Local view for "http://purl.org/linkedpolitics/eu/plenary/2004-05-04-Speech-2-026"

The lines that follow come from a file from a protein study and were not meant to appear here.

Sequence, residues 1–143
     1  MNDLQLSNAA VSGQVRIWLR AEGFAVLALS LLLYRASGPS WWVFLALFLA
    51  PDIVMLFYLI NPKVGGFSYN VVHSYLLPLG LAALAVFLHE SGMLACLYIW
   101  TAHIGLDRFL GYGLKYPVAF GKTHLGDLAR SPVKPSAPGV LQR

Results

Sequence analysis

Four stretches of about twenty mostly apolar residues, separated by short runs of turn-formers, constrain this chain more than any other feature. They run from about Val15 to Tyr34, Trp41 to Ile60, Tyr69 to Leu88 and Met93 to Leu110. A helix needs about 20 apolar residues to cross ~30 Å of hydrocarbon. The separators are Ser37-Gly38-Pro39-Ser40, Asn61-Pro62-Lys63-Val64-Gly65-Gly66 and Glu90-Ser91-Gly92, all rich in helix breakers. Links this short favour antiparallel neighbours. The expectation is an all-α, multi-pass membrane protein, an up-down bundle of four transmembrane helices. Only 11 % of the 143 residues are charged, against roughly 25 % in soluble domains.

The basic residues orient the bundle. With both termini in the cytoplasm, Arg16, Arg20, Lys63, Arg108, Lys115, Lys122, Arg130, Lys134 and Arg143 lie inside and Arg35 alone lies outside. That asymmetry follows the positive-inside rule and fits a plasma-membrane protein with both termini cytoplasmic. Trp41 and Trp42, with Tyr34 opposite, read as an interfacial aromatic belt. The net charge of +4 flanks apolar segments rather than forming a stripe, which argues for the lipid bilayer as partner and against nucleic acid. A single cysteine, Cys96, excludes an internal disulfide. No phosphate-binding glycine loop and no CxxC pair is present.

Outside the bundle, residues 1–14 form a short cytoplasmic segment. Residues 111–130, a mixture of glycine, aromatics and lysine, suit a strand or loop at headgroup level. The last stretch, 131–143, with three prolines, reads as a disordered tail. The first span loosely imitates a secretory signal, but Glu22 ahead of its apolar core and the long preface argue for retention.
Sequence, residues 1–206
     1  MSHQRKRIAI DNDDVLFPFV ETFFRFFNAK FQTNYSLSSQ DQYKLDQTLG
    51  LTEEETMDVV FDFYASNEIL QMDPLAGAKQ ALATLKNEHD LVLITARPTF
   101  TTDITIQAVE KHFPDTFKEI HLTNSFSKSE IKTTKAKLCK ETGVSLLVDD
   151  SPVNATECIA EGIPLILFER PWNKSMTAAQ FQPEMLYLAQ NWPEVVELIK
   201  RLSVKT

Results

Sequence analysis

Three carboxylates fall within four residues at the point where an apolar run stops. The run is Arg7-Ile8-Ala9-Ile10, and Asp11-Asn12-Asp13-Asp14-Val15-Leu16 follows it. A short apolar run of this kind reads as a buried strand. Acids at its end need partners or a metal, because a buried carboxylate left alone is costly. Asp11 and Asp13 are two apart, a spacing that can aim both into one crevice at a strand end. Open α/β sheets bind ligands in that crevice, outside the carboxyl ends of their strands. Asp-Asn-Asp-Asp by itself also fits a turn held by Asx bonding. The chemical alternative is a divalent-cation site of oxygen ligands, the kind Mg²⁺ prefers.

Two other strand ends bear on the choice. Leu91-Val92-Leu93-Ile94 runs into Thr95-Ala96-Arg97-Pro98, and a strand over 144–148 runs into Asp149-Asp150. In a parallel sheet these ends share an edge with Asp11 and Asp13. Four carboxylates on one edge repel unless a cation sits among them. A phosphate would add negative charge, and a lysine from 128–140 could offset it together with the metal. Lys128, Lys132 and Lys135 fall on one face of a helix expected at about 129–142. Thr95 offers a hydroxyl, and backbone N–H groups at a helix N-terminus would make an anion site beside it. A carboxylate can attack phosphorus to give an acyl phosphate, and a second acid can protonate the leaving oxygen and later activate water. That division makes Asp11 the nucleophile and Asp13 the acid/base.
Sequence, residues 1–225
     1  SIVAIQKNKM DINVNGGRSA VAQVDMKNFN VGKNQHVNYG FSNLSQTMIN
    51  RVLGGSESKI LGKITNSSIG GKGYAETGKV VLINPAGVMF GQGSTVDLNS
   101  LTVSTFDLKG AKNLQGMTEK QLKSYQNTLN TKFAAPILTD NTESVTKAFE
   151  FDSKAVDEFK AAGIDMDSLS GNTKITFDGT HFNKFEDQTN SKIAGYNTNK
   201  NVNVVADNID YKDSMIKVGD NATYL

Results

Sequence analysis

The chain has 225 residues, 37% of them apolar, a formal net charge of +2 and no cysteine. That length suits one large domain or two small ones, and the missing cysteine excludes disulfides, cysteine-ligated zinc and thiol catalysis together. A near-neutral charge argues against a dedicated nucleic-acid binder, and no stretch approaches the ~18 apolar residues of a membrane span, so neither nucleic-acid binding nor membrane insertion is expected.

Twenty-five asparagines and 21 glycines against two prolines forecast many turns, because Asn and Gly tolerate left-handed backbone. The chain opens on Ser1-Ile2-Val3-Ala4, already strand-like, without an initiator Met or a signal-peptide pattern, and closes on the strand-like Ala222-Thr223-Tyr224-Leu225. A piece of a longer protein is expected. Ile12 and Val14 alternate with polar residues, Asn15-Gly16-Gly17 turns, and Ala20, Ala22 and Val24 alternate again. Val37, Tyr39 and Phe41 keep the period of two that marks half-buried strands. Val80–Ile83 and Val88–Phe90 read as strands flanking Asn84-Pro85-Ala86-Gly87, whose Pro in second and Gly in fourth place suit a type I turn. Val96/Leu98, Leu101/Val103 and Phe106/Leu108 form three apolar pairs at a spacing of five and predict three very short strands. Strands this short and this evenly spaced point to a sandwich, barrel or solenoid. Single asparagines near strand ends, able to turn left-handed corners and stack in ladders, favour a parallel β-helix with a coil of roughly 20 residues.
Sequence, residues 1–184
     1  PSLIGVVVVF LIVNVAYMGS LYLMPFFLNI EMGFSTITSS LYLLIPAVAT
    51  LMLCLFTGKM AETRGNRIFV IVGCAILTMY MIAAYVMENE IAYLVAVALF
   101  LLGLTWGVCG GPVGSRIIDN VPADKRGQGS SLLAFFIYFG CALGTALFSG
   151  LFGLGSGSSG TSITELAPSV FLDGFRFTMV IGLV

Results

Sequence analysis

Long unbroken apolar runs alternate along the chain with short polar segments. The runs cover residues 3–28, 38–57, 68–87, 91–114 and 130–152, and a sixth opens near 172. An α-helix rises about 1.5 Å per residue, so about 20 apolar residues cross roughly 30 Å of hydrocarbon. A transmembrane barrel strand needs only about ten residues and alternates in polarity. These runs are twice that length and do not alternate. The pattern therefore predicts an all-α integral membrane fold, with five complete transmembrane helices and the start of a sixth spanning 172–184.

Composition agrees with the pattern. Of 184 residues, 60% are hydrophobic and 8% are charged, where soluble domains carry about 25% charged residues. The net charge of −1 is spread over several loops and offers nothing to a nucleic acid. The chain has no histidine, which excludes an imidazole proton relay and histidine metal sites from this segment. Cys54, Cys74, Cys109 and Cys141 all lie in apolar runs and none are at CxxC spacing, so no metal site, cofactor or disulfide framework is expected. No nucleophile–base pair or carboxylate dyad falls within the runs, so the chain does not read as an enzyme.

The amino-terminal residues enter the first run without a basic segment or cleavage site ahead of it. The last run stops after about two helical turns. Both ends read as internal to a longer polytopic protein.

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"Mr President, Mr President-in-Office of the Council, Commissioner, ladies and gentlemen, please allow me to begin by joining in the deserved tributes to Jean Monnet and Altiero Spinelli, two visionaries, two anti-fascists and two courageous people. I would also like to point out that Jean Monnet very often quoted the Swiss philosopher Amiel, saying the following: ‘Each man’s experience starts again from the beginning. Only institutions grow wiser: they accumulate collective experience; and, owing to this experience and this wisdom, men subject to the same rules will not see their own nature changing, but their behaviour gradually transformed’. And that is what we are doing here, in Parliament, and what we also want to do with the European Constitution. My esteemed friend, Mr Méndez de Vigo, told us that he carried the ‘Spinelli Treaty’ in his briefcase when he was working in the Convention. I can tell him that, when we were preparing the Maastricht Treaty, I had the opportunity to speak with Paco Ordóñez, who was Spanish Foreign Affairs Minister, and he told me that he carried the ‘Spinelli Treaty’ in his briefcase and I carried it as well, and I would recommend to Minister Roche that he carries the ‘Spinelli Treaty’ in his briefcase when he has to find some imaginative solution. I would also like to add that much is said about solidarity, about the step-by-step policy and so on, but we must remember one thing, and that is that the declaration of 9 May 1950 begins by talking about peace – as our friend John Hume has done today. Peace was the issue, not just creating a common market for steel and coal. Having said this, Mr President, on behalf of my group, I would like to express our complete support for the declaration of the European Parliament’s Committee on Constitutional Affairs on the Constitution. I believe that this is the time to support this declaration in circumstances such as that mentioned by the minister. I would reiterate our support for the draft Constitution, in the form it left the Convention. We are aware that there are certain specific points to deal with, not with regard to values – we are very happy with this democratic and secular Europe for everybody – but we do believe there are certain issues still to be dealt with. One of them – and I say this coming from the country which, with an entirely mistaken vision, under the previous government, blocked the constitutional debate – is qualified majority voting within the Council. We have always been clearly in favour of this system. I would like Minister Roche to explain to this House how many times the Ioannina Compromise has been applied in the past, because there may well be proposals which take that route, which would not be the best ones. I would also like to add another important element, which appears in the draft approved in Thessaloniki but which then disappears from sight: there must be a legislative Council, because laws must be created in public and transparently, and there must also be a shared legislative power, not only to create laws, but also to approve budgets. Finally, Mr President – and I address this to the President of Parliament – there is a specific request from the Committee on Constitutional Affairs which is of very great importance, and that is that the President of Parliament, and our representatives in the Intergovernmental Conference, should be able to participate fully in the debates of that conference. And also that during this period, given that the European Parliament remains constituted, that this House can be informed by the most appropriate means. There is nothing to prevent this and it is important from the point of view of the timetable proposed to us by the President-in-Office of the Council. I believe that this is an extremely important element and that in Parliament we are naturally going to be campaigning. And a noble element of this campaign is that we contribute to making progress on the Constitution. A final point which relates to the debate we will hold tomorrow: Mr President-in-office of the Council, we must make progress not just on the composition of the Commission, but also on the simultaneous mandate to that of Parliament. We are now in a very complicated situation. A new President-in-Office of the Council is going to be proposed. There is an excessively long period in a transitional and temporary situation and that is not good either for the Commission or for the European Union."@en1

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